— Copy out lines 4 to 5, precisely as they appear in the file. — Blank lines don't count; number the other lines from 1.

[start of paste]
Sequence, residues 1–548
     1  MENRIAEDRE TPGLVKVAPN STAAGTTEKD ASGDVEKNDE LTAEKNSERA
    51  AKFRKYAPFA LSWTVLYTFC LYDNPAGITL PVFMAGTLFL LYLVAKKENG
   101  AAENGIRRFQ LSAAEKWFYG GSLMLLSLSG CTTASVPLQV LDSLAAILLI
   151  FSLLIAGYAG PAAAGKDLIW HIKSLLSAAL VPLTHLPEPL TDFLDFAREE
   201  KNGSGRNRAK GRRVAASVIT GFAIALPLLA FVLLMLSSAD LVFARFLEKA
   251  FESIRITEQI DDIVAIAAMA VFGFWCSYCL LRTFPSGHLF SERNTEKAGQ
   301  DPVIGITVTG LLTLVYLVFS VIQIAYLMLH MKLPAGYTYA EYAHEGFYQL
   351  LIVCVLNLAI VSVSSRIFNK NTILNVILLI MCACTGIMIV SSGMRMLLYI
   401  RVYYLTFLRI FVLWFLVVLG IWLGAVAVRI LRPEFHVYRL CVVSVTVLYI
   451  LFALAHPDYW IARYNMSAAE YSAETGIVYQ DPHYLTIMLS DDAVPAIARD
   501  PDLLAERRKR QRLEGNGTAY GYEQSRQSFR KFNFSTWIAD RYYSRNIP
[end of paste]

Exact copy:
   101  AAENGIRRFQ LSAAEKWFYG GSLMLLSLSG CTTASVPLQV LDSLAAILLI
   151  FSLLIAGYAG PAAAGKDLIW HIKSLLSAAL VPLTHLPEPL TDFLDFAREE